Finances are often a problem for Christian couples, but money doesn't need to be a divisive element in a relationship. Properly framed, a couple's shared approach to finances actually can be a source of strength that pulls them closer together.
Many couples, though, are reluctant to broach the subject. In our workshop, Better Halves™, we have found that many couples simply don't know where to start, and, if they do, they don't want to raise a potentially contentious issue. We have found that by showing them how to look at money as an emotional issue, we can set them on a path to build a sound financial future as a Christian couple.
New research continues to highlight the dangers that a dysfunctional approach to finances can bring to any couple. Recently, the Federal Reserve released a paper showing that individual credit scores can often predict the potential for couples to ultimately break apart.
According to the report, if the individual scores are far apart, then the couple likely will experience increased problems as they bring their separate levels of debt and spending habits into the relationship. A pre-marital counselor told me about the look of shock he saw on a face of a prospective bride when she learned her potential husband's level of student debt. It changed their relationship.
Through prayer and positive action, though, it is possible to confront financial issues jointly and successfully. The Fed has provided couples with a simplified yardstick to measure the well-known dangers of financial discord in a relationship. Once identified, different financial outlooks can be more than a challenge; they can also present an opportunity for growth.
How can that be accomplished?
In working with couples, we have found it is best if they begin talking about money early in their relationship. Beyond the simple arithmetic of saving and spending, they need to consider both the emotional and spiritual aspects of money.
In many cases, individuals pick up their attitudes toward money simply by watching their parents as they grow up. Attitudes about money are caught, rather than taught. Individuals need to reflect on how their upbringing continues to shape their attitudes toward money today.
As a couple, both need to ask themselves if their individual attitudes will form the bedrock — or the breaking point — for their relationship. Then, both need a judgment-free place to reflect on the values undergirding their decisions about debt, savings and spending.
While many existing approaches were learned in childhood, those are attitudes that can be examined together, in light of the new relationship. If a couple is far apart, we recommend they start with small savings and spending changes that can build and sustain new habits, ones likely to strengthen a relationship.
As the results of those small changes accumulate, couples begin to build their own joint approach to successfully handling money. They build a new financial outlook, one that is uniquely theirs, one that will allow them to grow as a couple and as Christians.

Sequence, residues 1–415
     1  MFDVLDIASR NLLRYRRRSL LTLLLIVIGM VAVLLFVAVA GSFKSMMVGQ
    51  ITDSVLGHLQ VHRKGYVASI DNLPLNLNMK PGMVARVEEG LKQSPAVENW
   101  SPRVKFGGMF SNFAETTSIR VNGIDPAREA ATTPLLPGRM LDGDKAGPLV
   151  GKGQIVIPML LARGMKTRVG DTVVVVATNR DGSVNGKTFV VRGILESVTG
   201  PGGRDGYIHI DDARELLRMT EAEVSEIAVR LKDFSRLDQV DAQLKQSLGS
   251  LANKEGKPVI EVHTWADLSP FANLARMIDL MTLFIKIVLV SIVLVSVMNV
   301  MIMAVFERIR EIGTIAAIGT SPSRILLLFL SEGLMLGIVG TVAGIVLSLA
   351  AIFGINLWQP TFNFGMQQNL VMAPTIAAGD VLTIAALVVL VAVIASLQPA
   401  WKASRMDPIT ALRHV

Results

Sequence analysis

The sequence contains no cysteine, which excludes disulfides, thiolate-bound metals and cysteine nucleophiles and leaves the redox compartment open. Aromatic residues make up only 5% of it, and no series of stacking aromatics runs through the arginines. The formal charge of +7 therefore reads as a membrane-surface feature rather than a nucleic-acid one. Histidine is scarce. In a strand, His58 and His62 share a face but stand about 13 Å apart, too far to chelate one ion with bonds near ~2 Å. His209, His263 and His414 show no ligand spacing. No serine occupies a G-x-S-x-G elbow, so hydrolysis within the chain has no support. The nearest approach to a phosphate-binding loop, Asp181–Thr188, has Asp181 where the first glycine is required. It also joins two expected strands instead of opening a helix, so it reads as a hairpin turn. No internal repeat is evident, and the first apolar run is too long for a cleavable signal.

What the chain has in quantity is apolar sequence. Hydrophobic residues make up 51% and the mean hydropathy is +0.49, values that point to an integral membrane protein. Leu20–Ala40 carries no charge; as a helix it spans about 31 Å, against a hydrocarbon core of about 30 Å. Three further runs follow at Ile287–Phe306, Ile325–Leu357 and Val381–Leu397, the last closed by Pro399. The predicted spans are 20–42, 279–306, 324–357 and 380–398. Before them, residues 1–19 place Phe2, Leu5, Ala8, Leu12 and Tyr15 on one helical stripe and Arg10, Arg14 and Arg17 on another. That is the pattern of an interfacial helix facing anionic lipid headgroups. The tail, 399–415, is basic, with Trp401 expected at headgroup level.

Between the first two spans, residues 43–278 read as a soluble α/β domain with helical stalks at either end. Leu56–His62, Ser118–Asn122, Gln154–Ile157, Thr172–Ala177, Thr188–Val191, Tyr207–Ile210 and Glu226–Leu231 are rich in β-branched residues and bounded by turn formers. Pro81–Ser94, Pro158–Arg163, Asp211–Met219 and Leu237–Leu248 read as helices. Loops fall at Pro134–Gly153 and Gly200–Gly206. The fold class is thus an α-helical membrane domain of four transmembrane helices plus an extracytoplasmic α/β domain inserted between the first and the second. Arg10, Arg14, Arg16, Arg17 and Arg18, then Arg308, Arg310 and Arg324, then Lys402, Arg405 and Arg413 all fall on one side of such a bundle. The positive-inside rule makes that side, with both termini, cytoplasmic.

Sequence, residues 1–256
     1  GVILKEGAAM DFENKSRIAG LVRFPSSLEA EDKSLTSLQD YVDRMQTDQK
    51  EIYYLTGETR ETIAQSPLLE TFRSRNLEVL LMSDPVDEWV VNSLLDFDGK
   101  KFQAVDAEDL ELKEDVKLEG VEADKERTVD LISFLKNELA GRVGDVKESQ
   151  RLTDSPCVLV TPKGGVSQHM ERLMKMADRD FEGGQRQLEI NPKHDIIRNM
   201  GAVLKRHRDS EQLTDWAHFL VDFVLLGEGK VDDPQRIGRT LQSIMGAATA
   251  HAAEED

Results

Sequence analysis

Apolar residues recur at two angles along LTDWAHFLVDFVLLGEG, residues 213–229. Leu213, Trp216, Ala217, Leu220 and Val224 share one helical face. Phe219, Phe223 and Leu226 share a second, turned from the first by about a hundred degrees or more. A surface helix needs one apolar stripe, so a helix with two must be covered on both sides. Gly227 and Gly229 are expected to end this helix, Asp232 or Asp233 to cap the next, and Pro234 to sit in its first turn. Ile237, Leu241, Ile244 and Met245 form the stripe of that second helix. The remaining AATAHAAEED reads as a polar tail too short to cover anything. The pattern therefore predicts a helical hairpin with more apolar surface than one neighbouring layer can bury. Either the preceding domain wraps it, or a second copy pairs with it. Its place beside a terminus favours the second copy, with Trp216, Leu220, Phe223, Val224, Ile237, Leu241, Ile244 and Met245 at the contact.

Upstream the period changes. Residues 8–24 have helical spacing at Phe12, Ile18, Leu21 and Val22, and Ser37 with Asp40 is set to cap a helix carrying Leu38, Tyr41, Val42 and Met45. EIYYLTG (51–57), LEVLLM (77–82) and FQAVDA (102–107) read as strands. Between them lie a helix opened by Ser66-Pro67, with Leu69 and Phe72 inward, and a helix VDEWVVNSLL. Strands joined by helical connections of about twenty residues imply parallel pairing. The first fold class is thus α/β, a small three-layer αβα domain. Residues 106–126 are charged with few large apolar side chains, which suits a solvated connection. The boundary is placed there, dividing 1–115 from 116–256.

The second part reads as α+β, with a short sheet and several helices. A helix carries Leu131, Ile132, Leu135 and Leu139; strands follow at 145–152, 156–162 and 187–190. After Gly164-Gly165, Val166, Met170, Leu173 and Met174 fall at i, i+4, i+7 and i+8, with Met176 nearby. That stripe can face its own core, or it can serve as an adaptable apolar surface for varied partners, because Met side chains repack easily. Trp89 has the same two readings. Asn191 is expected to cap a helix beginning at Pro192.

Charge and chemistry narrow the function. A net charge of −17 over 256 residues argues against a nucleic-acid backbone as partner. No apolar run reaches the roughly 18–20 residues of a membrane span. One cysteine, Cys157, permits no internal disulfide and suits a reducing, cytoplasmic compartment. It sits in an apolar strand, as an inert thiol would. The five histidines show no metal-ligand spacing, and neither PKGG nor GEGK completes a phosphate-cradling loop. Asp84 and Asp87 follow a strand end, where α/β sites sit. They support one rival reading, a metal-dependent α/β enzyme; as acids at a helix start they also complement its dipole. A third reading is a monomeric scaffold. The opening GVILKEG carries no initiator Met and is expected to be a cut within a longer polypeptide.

Beyond issues of paying for shelter and other living necessities, there is also the important but often overlooked issue of generosity. Christians are called to be generous, but muddled money attitudes can cause couples to pull back.
Our research shows that attitudes about generosity are shaped by the financial decisions a couple makes, such as avoiding debt, which in turn mold their emotional perceptions about money. Our research also shows that a feeling of financial security — even feelings of surplus — drives decisions on generosity.
For a new Christian couple starting out, those feelings can be built by a prayerful discussion of joint financial goals, followed by a series of small implementing decisions. As a couple works through their feelings about money, they will be able to allocate a suitable sum to support their Christian beliefs.
How to start?
We recommend they start by recognizing their physical posture when they discuss money. When couples face one another, such as across the table, it often feels like they are adversaries. But if they face the same direction, it fosters more collaboration and teamwork. We tell couples to put "it" (budget, computer screen, credit card bills) in front of you. And then get to work. "It's you and me taking on the world," I often tell my wife.
Begin talking about how to create sustainable financing to achieve those goals and others. As a couple, ask yourself:
- What is most important to us? What are we willing to give up to get it?
- What resources do we have to reach our goals?
- How do our faith and values shape our approach to generosity?
If the conversation begins to wander or become difficult, there are a number of online tools that can help keep the discussion focused. "3 Ways to Fight Fair About Money" is a tool that can help both partners move in the right direction regarding finances.
For Christians, marriage is one of the most sacred steps a person can take. To succeed, begin in prayer and follow up with a clear-headed approach to the pitfalls that are out there.